Ecology

Habitat fragmentation – what does it mean for biodiversity?

Deforestation in Sumatra, Indonesia
Deforestation in Sumatra, Indonesia
Deforestation in Sumatra, where huge areas of forest have been lost in the last few decades to make way for forestry and agriculture.

In almost all ecosystems, human activities are causing areas of pristine habitat to be broken into smaller, isolated fragments, causing both habitat loss and habitat fragmentation. Many studies have made it obvious that habitat loss is generally bad for biodiversity, causing a reduction in biodiversity and eventually species extinctions ​1–4​. However, the impact of habitat fragmentation, when equalising for habitat loss, is less obvious. Recently there have been multiple papers addressing the long-standing assumption that large singular tracts of habitat are better than singular, smaller tracts ​5–15​.

Despite this discussion, there remains much debate as to whether the general ecological response to habitat fragmentation is positive or negative. Perhaps when areas of protected habitat are more distributed, a greater variety of environments is preserved and so more species are prevented from going extinct? Yet this does not seem to be the case, particularly for larger species such as Indian Elephant, which require huge areas of habitat in order to find enough food.

Indian elephants are endangered, largely as a result of habitat loss. During the dry season, herds sometimes require hundreds of square kilometres of habitat to provide enough food.

How can we find an answer to this problem? A common solution is to study different ecosystems that have experienced habitat fragmentation and then compare the effect on biodiversity. However, this approach is limited as systems are never exactly equal and different studies have many different approaches to measuring both habitat fragmentation and the corresponding effect on biodiversity ​7​.

An alternative method of exploring the outcome of biodiversity following habitat fragmentation is by using computer models. One branch of model that can be used are spatially explicit neutral models which can account for landscapes with different levels of fragmentation. This approach was used for our recent paper in Ecology Letters ​16​ with Ryan Chisholm (National University of Singapore) and James Rosindell (Imperial College London). See Ryan’s blog post accompanying the publication here. Our models simulated many different landscapes and then measured the species richness that emerged from the neutral models. Depending on the landscape structure and the amount of habitat loss, some landscapes can generate higher biodiversity than others (Fig. 1). Notice that a small number of extinctions occur immediately with the habitat loss and a much larger number occur gradually over time as an extinction debt is repaid.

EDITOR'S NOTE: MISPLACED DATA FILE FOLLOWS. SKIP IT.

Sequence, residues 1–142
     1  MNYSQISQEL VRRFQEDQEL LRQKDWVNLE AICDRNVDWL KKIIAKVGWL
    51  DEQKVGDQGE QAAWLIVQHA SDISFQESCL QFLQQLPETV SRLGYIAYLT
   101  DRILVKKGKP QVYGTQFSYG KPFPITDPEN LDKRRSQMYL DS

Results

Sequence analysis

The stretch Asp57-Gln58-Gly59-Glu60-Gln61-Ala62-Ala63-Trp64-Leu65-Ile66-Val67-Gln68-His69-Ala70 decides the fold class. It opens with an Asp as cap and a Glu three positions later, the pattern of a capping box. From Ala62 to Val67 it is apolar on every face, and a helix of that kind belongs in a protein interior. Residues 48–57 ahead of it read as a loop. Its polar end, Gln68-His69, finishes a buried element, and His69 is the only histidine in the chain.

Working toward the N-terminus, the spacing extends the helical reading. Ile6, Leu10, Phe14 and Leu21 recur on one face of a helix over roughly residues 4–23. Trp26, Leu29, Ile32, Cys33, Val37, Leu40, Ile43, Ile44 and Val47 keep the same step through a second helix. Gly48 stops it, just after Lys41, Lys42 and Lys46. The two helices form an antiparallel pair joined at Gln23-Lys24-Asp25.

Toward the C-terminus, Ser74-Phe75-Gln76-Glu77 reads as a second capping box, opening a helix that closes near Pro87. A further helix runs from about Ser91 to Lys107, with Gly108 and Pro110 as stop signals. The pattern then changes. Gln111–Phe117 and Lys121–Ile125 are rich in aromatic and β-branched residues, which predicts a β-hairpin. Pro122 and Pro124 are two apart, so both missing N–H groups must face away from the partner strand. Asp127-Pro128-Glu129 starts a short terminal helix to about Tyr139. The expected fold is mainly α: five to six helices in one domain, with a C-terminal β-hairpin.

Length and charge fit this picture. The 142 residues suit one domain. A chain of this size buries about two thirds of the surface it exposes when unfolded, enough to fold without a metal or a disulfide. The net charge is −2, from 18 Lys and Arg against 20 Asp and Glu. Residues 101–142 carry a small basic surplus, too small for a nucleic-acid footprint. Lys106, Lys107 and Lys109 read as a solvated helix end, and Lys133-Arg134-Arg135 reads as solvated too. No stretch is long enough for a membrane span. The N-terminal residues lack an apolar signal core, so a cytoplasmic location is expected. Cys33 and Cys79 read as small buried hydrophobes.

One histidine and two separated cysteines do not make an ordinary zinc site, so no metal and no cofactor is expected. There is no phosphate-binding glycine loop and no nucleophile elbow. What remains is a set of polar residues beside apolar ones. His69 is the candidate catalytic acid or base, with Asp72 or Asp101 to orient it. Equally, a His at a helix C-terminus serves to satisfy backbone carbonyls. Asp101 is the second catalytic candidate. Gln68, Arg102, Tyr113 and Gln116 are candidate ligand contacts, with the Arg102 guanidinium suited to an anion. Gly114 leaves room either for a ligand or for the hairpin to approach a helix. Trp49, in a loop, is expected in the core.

Species richness in simulated neutral landscapes
Figure 1. Species richness in neutral landscapes decreases over time following habitat loss and fragmentation. Only a small proportion of extinctions occur immediately, with the majority happening over many generations following the habitat destruction.

From exploring many different scenarios of habitat loss, we were able to derive mathematical formulas describing the species richness in spatially explicit neutral models. The formulas depend on a metric we call “effective dispersal”, which determines how far individuals travel across the fragmented landscape over many generations and in our mind is a much better measure of fragmentation than traditional fragmentation metrics. Under our metric, landscapes which may visually appear to have very high levels of fragmentation because of large numbers of distinct fragments, might actually quite well-connected as the fragments are close enough together to allow dispersal. This may partly explain why some studies which measure fragmentation simply in terms of the number of habitat fragments observe such varying outcomes for biodiversity.

Building on this idea, the current impasse in the fragmentation-diversity debate may be partly attributable to inconsistency in how habitat loss and fragmentation are measured, particularly when considering the surrounding area as well as the study region (Fig. 2). Moreover, the impact of time on extinction cannot be ignored, as even neutral models have a significant time lag between habitat loss and species loss (e.g. Fig. 1).

Different definitions of fragmentation
Figure 2. Definitions of habitat fragmentation may change depending on the local and regional habitat structure.

To understand how habitat fragmentation affects ecosystems, we must develop much more sophisticated models that can accommodate the intricacies of biological mechanisms and how they differ between taxa and locations. Our paper is just one step towards this goal, but already demonstrates the value in such an approach. Read our paper here, check out the code used for the simulations, the data used for figures and analyses or check out the package used to run these models.

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